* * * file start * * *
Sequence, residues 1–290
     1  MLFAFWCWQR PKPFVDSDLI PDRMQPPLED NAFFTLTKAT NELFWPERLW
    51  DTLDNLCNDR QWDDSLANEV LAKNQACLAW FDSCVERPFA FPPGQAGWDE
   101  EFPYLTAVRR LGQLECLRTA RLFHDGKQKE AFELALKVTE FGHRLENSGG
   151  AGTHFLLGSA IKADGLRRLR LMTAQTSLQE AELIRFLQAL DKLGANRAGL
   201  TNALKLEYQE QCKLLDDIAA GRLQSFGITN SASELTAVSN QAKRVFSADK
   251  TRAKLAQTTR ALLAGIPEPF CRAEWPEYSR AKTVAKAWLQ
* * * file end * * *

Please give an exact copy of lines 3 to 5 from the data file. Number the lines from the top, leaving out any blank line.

    51  DTLDNLCNDR QWDDSLANEV LAKNQACLAW FDSCVERPFA FPPGQAGWDE
   101  EFPYLTAVRR LGQLECLRTA RLFHDGKQKE AFELALKVTE FGHRLENSGG
   151  AGTHFLLGSA IKADGLRRLR LMTAQTSLQE AELIRFLQAL DKLGANRAGL